2. I agree with Takao on points 2) comparative effectiveness research, 3) investment in research, and 5) upgrade in infrastructure. The debate needs to move beyond health INSURANCE reform to include health CARE reform. These points will help move towards improving the effectiveness and quality of the health care system. My ideal goal—move beyond the chronic care system we have now where we treat disease and instead work to cure disease. However, it is hard to legislate that. Point 3--investment in research--plays into curing disease.

    So I have these as my first three points:
    1) Comparative effectiveness research
    2) Investment in research
    3) Upgrade in infrastructure

    I’d add the following points:

    4) Reimbursement reform: CER is great, but it needs to have teeth if it is truly going to reduce costs. People will make the argument that CER is a means of the government telling patients what care they can and cannot receive. This shouldn’t be the model. CER shouldn’t restrict care from being administered; it should restrict reimbursement of care that isn’t in the best interest of the patient. Restricting care and restricting reimbursement are different arguments.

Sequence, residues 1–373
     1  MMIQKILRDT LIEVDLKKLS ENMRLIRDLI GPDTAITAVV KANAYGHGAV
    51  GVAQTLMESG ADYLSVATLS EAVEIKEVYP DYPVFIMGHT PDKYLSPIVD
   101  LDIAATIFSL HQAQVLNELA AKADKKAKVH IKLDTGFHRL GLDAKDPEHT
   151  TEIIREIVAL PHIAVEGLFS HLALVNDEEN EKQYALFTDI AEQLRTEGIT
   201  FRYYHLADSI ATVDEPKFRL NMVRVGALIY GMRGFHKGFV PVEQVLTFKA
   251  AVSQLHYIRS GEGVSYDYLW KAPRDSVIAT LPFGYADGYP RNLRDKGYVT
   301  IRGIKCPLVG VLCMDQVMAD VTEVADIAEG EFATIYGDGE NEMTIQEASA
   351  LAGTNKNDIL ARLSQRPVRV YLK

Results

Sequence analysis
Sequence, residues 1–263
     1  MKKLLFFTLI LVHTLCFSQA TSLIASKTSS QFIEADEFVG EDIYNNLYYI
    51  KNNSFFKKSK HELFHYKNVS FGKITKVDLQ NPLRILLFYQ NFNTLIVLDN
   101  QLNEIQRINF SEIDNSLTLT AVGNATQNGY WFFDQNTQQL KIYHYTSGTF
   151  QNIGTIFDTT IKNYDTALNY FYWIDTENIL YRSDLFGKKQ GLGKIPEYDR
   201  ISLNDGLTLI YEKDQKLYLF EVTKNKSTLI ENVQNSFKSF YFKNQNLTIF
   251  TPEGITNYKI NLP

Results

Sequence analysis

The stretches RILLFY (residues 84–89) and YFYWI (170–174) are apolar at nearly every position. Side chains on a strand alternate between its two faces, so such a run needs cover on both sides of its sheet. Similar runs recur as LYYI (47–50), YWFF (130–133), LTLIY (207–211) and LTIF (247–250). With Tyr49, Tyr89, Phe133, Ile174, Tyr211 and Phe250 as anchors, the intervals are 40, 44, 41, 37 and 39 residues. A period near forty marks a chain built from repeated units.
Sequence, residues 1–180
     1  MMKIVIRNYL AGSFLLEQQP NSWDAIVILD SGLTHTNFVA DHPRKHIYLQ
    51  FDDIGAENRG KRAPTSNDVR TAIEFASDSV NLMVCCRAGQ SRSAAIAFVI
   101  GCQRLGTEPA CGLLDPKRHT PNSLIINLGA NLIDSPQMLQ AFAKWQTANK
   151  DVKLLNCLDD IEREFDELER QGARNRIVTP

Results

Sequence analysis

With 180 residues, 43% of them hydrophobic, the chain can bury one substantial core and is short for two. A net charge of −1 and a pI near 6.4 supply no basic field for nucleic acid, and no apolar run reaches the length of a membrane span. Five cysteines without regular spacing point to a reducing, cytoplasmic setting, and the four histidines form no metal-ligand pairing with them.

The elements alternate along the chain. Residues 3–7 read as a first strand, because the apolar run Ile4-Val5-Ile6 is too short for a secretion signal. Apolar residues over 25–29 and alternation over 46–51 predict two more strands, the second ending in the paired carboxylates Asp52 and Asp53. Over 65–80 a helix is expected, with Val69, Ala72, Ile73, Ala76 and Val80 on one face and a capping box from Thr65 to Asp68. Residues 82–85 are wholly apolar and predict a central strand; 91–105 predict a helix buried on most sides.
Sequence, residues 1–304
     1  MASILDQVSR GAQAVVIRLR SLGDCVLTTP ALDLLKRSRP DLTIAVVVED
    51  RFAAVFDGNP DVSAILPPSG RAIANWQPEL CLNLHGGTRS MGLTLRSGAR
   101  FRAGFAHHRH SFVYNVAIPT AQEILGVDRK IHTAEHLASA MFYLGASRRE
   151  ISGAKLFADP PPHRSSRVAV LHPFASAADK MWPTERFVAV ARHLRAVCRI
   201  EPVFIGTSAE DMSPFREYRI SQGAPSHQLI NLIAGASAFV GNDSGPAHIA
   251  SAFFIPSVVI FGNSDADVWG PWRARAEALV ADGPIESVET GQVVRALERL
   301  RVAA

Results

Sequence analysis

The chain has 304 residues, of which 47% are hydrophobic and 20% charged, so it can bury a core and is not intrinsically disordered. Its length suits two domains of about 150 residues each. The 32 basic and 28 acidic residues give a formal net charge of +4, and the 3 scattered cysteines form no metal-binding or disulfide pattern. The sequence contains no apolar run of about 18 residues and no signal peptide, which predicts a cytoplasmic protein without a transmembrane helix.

5) Affordable health insurance options: While I don’t oppose the concept of a public plan, I don’t think it’s the only viable option for affordable health insurance. Co-ops, workplace solutions, and community-based plans are also options. I agree that the public plan has the potential to be one of many affordable health insurance options.
    6) Incentive to carry health insurance: There needs to be an incentive to have insurance regardless of how you acquire it. It is too expensive for people to rely on the free ER treatment. However, I'm not as comfortable with a federal mandate for insurance.

  3. As Takao said, I believe that the success of health reform depends on the ability of the system to produce efficient economic and health reforms. The changes must not only result in improvements in care, but must also be sustainable. As far as specific components are concerned…

    I am in agreement with Matt and Takao on:
    1) Comparative Effectiveness Research: CER will help reduce costs, assist with clinical decision-making, and improve patient care.
    2) Investment in research: necessary to ensure continued progress and innovation.
    3) An upgrade in infrastructure: this is crucial for the future.

    And my other two points:
    4) Affordable health insurance options: health coverage for all is essential and I am not opposed to a public option. But like Matt, I don't think it is the only option. And I think a strong private market is important.